The DEC PDP-7 is a minicomputer produced by Digital Equipment Corporation. Introduced in 1965, it was the first to use their Flip-Chip technology. With a cost of only $72,000 USD, it was cheap but powerful by the standards of the time. The PDP-7 was the third of Digital's 18-bit machines, with essentially the same instruction set architecture as the PDP-4 and the PDP-9. It was the first wire-wrapped PDP.
In 1969, Ken Thompson wrote the first UNIX system in assembly language on a PDP-7, then named Unics as a pun on Multics, as the operating system for Space Travel, a game which required graphics to depict the motion of the planets. A PDP-7 was also the development system used during the development of MUMPS at MGH in Boston a few years earlier.
There are a few remaining PDP-7 systems still in operable condition, along with one under restoration in Oslo, Norway. The PDP-7 previously located at the University of Oregon in its Nuclear Physics laboratory is now at the Living Computer Museum in Seattle, Washington and is almost completely restored to running condition after being disassembled for transport. Another machine is known to be in the collection of Max Burnet near Sydney, Australia.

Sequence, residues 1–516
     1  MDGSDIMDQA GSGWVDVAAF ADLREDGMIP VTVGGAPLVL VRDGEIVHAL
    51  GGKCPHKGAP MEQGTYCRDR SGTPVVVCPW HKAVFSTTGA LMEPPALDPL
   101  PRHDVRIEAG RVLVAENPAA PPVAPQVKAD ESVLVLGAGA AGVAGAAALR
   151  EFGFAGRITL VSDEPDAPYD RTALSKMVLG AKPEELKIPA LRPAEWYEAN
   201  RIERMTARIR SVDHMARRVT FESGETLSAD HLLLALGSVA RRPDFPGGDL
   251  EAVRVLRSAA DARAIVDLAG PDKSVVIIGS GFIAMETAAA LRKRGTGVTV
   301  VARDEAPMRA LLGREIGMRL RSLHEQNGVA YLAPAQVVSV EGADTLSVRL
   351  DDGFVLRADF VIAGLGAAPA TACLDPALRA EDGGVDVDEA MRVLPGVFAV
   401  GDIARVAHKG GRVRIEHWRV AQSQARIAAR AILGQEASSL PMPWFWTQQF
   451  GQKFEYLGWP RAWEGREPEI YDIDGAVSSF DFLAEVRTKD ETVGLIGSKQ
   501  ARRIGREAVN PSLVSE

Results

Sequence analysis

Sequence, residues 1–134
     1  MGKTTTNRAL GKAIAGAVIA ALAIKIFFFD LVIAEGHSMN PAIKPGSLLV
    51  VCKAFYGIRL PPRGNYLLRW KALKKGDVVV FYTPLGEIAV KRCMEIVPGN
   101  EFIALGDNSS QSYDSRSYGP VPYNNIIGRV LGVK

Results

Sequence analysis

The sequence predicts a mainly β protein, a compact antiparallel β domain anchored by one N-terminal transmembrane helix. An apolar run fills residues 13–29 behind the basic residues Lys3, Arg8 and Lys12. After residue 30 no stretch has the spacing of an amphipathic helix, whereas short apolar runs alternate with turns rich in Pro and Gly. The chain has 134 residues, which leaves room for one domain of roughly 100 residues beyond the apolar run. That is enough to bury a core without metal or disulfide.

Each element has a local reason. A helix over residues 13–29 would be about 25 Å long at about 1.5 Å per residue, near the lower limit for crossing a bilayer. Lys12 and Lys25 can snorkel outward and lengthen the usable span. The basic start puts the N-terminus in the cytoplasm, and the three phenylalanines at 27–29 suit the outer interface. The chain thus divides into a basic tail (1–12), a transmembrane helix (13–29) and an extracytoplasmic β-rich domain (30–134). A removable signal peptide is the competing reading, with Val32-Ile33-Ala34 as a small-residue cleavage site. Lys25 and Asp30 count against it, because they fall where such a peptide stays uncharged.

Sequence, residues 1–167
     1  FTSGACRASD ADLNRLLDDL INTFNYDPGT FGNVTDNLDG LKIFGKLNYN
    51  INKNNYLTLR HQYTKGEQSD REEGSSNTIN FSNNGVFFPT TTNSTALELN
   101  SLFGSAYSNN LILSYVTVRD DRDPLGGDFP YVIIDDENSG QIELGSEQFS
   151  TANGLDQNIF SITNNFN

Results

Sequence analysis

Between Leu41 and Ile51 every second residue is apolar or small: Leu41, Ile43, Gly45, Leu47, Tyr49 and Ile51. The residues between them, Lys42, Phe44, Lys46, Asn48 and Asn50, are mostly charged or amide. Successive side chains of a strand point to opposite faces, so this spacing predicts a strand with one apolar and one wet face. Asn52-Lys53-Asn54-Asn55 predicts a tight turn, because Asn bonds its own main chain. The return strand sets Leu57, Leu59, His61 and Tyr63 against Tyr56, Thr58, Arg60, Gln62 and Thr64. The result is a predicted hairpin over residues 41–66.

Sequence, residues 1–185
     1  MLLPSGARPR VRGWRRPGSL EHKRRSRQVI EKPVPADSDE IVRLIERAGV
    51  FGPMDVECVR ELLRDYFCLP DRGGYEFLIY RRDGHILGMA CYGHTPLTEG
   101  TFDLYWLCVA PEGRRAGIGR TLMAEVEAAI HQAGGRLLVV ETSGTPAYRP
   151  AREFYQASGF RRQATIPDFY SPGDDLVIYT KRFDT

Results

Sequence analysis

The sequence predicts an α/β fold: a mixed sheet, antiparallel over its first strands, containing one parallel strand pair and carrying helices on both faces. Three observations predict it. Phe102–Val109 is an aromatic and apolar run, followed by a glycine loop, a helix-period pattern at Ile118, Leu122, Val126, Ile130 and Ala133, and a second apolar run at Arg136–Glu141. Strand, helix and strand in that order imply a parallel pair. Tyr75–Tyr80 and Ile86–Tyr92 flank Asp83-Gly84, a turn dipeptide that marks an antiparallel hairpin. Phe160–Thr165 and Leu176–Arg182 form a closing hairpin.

- Raymond, Eric Steven (2003-09-19). "Origins and History of Unix, 1969–1995". faqs.org. http://www.faqs.org/docs/artu/ch02s01.html. Retrieved 2008-07-13.
- http://www.bell-labs.com/history/unix/pdp7.html "The famous PDP-7 comes to the rescue" (Bell Labs' Unix history).
- http://research.microsoft.com/~gbell/Digital/timeline/1964-3.htm PDP-7 entry from Year 1964 in the DIGITAL Computing Timeline.
- http://heim.ifi.uio.no/~toresbe/dec PDP-7 restoration project located in Oslo, Norway.
- http://dictionary.reference.com/browse/PDP-7 general information for the computer system.
- http://www.soemtron.org/pdp7.html information about the PDP-7 and PDP-7/A including some manuals and a customer list covering 99 of the possible 120 systems shipped.
- http://www.cs.uoregon.edu/Activities/talks/20110113-Lefevre.php University of Oregon's PDP-7 moves to the Living Computer Museum in Seattle, Washington.
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